Dr. Elliott's contributions to Epidoc LINK grew out of his research interests, which focus on the intersection of Roman documentary, administrative and geographic studies. First as a graduate student at Chapel Hill, and then as a research staff employee, Elliott made key contributions to the work of the Classical Atlas Project and -- as founding Director -- to the creation and development of the Ancient World Mapping Center (2000-2005). Since 2005, Elliott has been directing for the Center a path-breaking digital initiative, dubbed "Pleiades" after the daughters of Atlas in Greek mythology, that will bring together geographic, epigraphic, papyrological, literary and historical data in "an online workspace for ancient geography." This initiative, funded by the U.S. National Endowment for the Humanities, is laying the foundation for a robust geospatial computing infrastructure that will grow globally to support the full range of online publications concerned with antiquity.

The Classical Atlas Project (1988-2000; http://www.unc.edu/depts/cl_atlas/) was directed by Richard Talbert, a former pupil of Dr Reynolds, senior member of the Mapping Center's Board and Principal Investigator for the Center's Pleiades Project. The Classical Atlas Project's aim was to develop comprehensive maps of the Greek and Roman world to modern cartographic standards, the top research reference need identified by the American Philological Association in the 1980s. Drawing on the expertise of a 200-person international team of scholars and cartographers, the project fulfilled its mission with the publication of the Barrington Atlas of the Greek and Roman World, ed. Richard J.A. Talbert (Princeton University Press, 2000).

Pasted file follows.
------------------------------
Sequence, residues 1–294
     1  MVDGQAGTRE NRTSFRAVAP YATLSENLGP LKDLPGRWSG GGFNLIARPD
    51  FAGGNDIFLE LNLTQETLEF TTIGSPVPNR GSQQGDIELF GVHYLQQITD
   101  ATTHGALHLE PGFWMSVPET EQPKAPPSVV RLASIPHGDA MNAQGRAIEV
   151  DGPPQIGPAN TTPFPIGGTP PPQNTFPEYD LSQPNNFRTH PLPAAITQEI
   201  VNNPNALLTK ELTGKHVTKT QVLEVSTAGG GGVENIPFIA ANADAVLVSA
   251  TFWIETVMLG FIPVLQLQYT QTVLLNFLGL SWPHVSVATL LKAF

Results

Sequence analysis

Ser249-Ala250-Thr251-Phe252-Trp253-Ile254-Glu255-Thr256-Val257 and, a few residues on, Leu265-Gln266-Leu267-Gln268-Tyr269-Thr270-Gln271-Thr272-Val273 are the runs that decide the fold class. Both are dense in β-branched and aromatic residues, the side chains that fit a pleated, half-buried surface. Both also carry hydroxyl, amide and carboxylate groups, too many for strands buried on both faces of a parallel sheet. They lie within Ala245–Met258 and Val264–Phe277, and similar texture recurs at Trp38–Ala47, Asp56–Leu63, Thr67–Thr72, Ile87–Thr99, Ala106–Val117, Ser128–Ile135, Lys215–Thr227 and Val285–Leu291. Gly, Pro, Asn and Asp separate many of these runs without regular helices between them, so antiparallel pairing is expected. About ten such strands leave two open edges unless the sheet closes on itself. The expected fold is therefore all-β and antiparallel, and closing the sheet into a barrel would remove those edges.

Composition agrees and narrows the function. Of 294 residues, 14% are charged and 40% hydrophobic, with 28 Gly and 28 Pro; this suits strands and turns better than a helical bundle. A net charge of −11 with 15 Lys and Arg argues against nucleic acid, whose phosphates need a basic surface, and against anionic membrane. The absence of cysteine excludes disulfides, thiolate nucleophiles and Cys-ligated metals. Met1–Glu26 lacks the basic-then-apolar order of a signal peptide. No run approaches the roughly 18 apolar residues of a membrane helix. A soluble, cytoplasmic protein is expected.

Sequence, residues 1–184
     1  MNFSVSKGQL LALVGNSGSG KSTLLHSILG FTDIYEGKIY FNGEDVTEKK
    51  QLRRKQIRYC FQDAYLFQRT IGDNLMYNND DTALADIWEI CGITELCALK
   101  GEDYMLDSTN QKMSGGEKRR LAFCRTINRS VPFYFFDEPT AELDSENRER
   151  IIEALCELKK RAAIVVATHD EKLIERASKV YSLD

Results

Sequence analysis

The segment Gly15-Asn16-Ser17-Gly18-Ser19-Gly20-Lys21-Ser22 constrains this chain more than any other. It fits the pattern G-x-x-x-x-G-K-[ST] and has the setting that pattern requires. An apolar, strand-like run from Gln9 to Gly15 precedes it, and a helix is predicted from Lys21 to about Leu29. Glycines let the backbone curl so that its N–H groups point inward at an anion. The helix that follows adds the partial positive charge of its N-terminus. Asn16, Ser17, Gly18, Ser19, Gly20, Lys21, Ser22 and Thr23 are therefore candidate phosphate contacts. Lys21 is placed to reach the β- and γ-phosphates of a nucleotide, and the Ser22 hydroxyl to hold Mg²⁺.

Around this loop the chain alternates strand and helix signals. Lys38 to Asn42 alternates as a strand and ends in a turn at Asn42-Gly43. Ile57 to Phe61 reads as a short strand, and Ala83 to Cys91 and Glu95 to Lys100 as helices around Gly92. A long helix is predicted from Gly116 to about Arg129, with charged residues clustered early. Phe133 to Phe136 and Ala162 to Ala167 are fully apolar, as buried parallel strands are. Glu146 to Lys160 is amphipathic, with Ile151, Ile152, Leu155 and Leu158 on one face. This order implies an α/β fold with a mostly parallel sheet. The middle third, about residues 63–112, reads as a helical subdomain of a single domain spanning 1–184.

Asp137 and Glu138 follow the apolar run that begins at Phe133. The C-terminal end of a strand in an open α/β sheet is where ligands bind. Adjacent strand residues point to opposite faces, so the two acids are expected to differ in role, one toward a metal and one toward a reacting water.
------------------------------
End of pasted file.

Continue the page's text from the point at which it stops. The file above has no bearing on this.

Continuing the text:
The book itself, however, could only include some of the information which was gathered during its preparation. Moreover, it was always clear that on-going research and publication would necessitate updates. Indeed, the atlas' publication has served to quicken and diversify geographical research across all fields concerned with ancient studies. The Center's Pleiades project (http://icon.stoa.org/pleiades-beta/) is converting the full richness of the data compiled by the Atlas Project for use in digital contexts (e.g.., dynamic mapping and spatial proximity queries) and placing it into a flexible content management system to enable its perpetual update and diversification through large-scale, global collaboration. Pleiades will publish this data through a series of digital services facilitating rich interaction (e.g. dynamic maps and spatial queries) with other resources.

Because Pleiades is designed not only to publish information for the use of other projects but also to integrate continuously new data contributed by individuals and partner institutions, Dr Reynolds’ Roman Cyrenaica corpus project constitutes an ideal test case – promising, moreover, tangible advances in geographical knowledge – for the nascent Pleiades infrastructure and digital editorial systems. Production considerations forced the Barrington Atlas’ editors to select the relatively small scale of 1:1 million for preparation of its Cyrenaica map. A reassessment of this area, so important for our understanding of both Greek and Roman history, is a top priority for the Ancient World Mapping Center. Epigraphic evidence, such as that to be published in Dr Reynolds’ corpus, is indispensable material for this work. We intend, therefore, to test out the protocols for the inclusion of geographical data in EpiDoc, and epigraphic data in Pleiades; we hope to provide not only an excellent geospatial dataset for ancient Cyrenaica, but also tested tools and methods for establishing and maintaining productive bilateral data interchanges between Pleiades and digital publications of primary sources, such as Reynolds' corpus.